Why should you have an emergency car kit?
A car emergency kit should be in every driver’s vehicle, but it is one of the most overlooked types of roadside emergency kit. If you live or travel through remote wilderness areas, or places that regularly experience harsh weather conditions, such as snowstorms and thunderstorms, then you are at risk. Your car’s emergency kit should have the necessary tools for first aid, food, and water.
An emergency car kit can be used when you are stuck in your vehicle waiting for help to arrive or when you are forced to leave your car and survive. You must have enough survival gear to last at least 72 hours and have access to a shovel or ax to get out of the trench. You will also need shelter, warmth, light, and communication. Your road disaster kit can be your last line of defense against everything.
An emergency car kit would have benefited James and Jennifer Stolpa and their young son Clayton. Unfortunately, because they did not have the knowledge or an emergency kit, they lost parts of their limbs. In December 1992 in Northwestern, Nevada, James, Jennifer and Clayton Stolpa were trapped inside their vehicle for several days during a snow storm, they did not have an emergency car kit, which means they had no survival supplies and minimal food.
Building your vehicle kit
Car emergency kit should be stored in an appropriate case, such as a duffel bag, backpack, or dry bag. Ideally, you want to get something that is sturdy and waterproof. Always keep the kit stored in your vehicle. Your car’s emergency kit should include all of the following:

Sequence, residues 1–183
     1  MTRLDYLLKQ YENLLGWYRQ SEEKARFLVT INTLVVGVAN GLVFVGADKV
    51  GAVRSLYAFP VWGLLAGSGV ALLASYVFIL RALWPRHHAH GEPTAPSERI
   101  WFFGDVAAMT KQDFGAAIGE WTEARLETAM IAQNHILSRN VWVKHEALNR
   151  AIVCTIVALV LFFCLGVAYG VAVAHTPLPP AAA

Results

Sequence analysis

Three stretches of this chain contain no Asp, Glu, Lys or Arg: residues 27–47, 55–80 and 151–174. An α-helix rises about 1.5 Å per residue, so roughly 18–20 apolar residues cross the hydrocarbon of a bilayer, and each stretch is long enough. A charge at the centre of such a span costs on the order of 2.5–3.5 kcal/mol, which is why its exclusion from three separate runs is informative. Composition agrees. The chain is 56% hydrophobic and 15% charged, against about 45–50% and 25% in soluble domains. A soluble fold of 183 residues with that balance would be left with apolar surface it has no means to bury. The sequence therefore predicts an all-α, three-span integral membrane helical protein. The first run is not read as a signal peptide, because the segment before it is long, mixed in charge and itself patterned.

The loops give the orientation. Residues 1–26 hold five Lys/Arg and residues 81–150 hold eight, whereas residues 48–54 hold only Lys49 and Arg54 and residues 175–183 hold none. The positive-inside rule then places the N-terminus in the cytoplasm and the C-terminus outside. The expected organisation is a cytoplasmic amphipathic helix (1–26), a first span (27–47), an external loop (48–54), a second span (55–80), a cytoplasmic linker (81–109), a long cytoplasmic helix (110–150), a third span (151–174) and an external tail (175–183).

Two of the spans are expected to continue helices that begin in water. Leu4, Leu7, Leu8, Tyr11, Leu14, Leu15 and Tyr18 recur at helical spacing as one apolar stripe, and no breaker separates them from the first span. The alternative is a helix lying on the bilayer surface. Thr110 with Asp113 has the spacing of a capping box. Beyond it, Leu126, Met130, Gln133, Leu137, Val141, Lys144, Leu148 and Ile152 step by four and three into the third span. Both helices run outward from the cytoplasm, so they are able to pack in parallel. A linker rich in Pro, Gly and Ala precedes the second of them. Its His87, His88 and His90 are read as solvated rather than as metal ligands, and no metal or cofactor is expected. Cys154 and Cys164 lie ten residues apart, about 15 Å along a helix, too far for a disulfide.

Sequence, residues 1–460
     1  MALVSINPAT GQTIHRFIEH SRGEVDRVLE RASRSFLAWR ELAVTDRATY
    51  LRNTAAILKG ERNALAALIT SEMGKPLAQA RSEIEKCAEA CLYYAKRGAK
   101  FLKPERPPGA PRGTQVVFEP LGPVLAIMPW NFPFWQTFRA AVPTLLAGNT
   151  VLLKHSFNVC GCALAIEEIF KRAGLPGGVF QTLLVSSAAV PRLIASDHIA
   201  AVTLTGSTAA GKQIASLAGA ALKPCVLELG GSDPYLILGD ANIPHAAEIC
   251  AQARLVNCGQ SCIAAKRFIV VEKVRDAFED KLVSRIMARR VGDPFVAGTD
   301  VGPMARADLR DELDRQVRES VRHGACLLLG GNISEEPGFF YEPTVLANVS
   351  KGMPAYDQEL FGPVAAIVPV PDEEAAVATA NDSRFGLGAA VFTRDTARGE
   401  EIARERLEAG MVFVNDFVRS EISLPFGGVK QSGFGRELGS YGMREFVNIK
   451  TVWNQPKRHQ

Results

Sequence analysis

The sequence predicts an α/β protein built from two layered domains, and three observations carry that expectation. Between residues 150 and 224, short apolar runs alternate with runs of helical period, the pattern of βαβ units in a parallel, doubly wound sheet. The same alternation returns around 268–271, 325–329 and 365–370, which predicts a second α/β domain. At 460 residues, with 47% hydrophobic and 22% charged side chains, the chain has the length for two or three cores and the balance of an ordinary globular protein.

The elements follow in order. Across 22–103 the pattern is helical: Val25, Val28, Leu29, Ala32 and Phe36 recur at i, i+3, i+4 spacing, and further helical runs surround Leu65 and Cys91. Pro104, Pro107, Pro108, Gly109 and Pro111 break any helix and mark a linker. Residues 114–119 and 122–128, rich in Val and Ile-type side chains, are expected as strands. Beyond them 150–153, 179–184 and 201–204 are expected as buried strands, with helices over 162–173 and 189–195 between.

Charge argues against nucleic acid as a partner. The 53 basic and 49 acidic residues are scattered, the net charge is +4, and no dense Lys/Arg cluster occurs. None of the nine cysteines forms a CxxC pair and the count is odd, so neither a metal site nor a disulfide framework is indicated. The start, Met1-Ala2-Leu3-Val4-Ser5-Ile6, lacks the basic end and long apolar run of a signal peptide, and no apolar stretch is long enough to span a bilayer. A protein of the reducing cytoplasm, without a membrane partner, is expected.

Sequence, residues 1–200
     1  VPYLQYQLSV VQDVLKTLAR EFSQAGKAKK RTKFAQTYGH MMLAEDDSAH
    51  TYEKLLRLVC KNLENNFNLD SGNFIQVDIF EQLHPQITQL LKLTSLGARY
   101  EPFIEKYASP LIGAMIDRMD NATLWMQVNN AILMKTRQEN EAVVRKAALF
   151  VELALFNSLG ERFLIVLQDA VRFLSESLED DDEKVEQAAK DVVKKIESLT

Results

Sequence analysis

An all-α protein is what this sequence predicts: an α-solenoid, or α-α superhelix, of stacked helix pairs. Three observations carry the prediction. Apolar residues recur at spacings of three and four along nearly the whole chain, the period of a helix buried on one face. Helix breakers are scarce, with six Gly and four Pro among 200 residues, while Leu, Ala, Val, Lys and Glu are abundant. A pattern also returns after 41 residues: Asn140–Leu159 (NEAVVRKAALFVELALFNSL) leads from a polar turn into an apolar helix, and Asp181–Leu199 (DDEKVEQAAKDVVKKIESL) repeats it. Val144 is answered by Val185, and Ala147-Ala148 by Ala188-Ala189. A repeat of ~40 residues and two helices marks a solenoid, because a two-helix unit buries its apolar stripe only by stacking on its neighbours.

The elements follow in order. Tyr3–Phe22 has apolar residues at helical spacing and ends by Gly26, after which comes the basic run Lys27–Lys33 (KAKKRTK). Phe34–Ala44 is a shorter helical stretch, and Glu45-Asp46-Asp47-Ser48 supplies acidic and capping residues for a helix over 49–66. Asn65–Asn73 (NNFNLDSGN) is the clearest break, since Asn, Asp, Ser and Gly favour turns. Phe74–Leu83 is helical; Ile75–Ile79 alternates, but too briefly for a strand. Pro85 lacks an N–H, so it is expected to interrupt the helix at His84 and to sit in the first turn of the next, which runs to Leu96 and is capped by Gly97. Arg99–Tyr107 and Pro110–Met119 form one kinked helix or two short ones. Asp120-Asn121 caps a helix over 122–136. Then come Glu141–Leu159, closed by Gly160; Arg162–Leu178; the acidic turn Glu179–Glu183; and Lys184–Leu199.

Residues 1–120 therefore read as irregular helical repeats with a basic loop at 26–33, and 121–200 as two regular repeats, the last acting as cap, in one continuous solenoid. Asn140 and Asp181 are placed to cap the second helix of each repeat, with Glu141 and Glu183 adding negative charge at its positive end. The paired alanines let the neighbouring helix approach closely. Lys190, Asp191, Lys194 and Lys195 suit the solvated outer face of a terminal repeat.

Mobile phone: Good to have in case of an emergency, but keep in mind that you may not be in an area that has cell coverage.
Survival clothing and survival blanket kit: Pack an extra set of clothing, socks, gloves, and hats, including blankets, sleeping bags, or sun blankets for each person.
Survival kitchen equipment: Including kitchen utensils, stove and fuel. They should be compact and allow you to boil a hot infusion or cook food.
Aquatic survival equipment: Make sure you have enough packaged water or access to water purification tablets or filters to clean river, stream, or lake water.
Bright bar: Great for signaling at night
Flashlight with extra batteries or crank: To see at night and signal
MRE meals: MRE meals are available at many camping stores and are found online. Energy bars are also a good option. In this circumstance, the ones with the most calories are the best.
Local road maps: In case you get lost and need to find your way back.
Shovel: If your vehicle gets stuck in snow or mud, you can use your hands to dig, but a shovel will do the job faster and better.
Survival blanket canvas: A blue or orange tarp will help visibility or as a signal.
Toilet paper: It’s often overlooked, but toilet paper has a lot of practical uses besides, you know. It can be used as insulation for your clothes to keep you warm, as well as fuel for fires.
Survival tools and gadgets: Jumper cables, multitool, reflective triangle, flat tire inflator and duct tape will become useful tools during a road emergency.
N’oubliez pas. The emergency kit in your car should have extra food in case you have to stay in your vehicle until help arrives.